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Steady progress towards launch - all Herschel instruments are 'good to go'

Steady progress towards launch - all Herschel instruments are 'good to go'

12 March 2009

The three scientific instruments on the Herschel payload have passed their functional tests and have been declared 'good to go'. This marks another milestone in the steady progress being made in preparing the spacecraft for launch.

In the course of the past two weeks all three of Herschel's instruments, SPIRE, PACS and HIFI, have undergone short functional tests. Each instrument team carried out a number of pre-defined tests in normal (as opposed to superfluid) helium conditions in order to verify the health of the instruments after transport to Kourou. All instruments performed flawlessly and passed their pre-launch reviews. The next time that they will be heard from will be a few days after launch when they will be switched on one-by-one as part of the payload check-out process.

Clockwise from top left: the three instruments, HIFI (front right), PACS (front left) and SPIRE (back) during integration in July 2007; HIFI, SPIRE and PACS. Credit: ESA

The instrument checks followed the completion of a number of mechanical checks on the spacecraft.

Everything in its place – alignment activities successfully completed

Checks on the mechanical stability of the spacecraft have been completed. These are performed by measuring the relative and absolute positions of a number of spacecraft elements with reference to master reference cubes on the spacecraft.  These elements are primarily those which protrude from the body of the spacecraft for example, the cryostat nozzles, thrusters, sun acquisition sensor, attitude anomaly detector and the telescope mounting structure. The stability of all of these elements was comprehensibly verified during the tests.

Spacecraft 'fit check' with the Ariane 5 launch adapter

Top image: The Herschel spacecraft is readied to be manoeuvred onto the launch adapter. Bottom image: Close-up view of the Ariane 5 ECA launch adapter for Herschel. Credit: ESA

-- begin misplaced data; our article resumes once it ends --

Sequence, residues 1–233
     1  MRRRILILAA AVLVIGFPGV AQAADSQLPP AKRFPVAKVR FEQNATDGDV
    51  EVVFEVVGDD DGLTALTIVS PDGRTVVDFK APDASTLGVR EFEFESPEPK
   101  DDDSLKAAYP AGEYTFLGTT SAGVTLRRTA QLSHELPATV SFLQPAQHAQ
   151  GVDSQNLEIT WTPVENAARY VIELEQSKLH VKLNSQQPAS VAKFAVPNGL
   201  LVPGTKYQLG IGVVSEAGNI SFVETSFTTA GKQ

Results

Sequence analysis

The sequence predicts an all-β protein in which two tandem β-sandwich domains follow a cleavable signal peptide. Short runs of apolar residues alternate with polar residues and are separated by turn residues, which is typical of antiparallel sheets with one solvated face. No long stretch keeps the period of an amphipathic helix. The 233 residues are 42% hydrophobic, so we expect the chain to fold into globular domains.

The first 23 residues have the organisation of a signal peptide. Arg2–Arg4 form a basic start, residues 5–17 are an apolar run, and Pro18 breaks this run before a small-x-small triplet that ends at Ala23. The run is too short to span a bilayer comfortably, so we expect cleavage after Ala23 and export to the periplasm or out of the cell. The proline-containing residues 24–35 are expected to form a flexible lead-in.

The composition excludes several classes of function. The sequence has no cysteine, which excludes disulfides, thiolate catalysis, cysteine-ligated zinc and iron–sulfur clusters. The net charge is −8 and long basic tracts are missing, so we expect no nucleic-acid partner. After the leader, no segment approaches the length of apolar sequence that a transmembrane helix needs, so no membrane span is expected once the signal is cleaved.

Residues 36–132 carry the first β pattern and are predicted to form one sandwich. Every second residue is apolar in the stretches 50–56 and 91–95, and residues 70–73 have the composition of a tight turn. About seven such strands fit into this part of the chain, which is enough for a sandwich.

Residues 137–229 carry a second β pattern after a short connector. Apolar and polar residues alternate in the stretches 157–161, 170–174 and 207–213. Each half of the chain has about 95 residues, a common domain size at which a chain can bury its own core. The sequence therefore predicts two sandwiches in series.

The alignment activities were followed by the 'fit check' of the Ariane 5 launch adapter. The standard adapter, or ACU, is a lightweight metal cylinder, 32 cm high and 2.624 m in diameter, which is used to secure the spacecraft to the launch vehicle, in the case of Herschel to the top of the SYLDA under which the Planck spacecraft will be installed. A clamp-band surrounding the top of the cylinder seals the interface between Herschel and the ACU. After launch, this clamp-band is loosened using a pyrotechnic device. A number of 'spring pusher' devices are then activated to push the satellite away from the launcher.

In addition to checking that the adapter will fit seamlessly to the spacecraft the electrical connections were also verified. When the adapter is attached to the spacecraft two sets of umbilical pull-away connectors carry electrical signals from the spacecraft through the adapter to the launcher. This allows the spacecraft to be monitored and commanded from the time of integration onto the launcher until lift-off, and also facilitates the monitoring of the cryogenic status of the spacecraft.

The spacecraft will be installed onto the launcher adapter once all of the pre-launch checks have been completed in the S1B clean room, and prior to moving the spacecraft to the S5 building for hydrazine fuelling.

Preparations for helium filling

In parallel with the alignment checks and the launch adapter fit check, the support infrastructure for helium filling was installed.  Filling platforms and a number of Helium dewars were put in place for a first Helium I filling operation in S1B after the transport of the spacecraft from Europe. 

Thermal protective covering is now in place

The completion of the mechanical checks has cleared the way for most of the final layers of multi-layer insulation (MLI) material to be placed on the spacecraft and payload.

In the course of the next week the Herschel spacecraft will be moved to the S5 building where hydrazine fuelling operations take place.

Last Update: 1 September 2019
5-Jun-2020 12:06 UT

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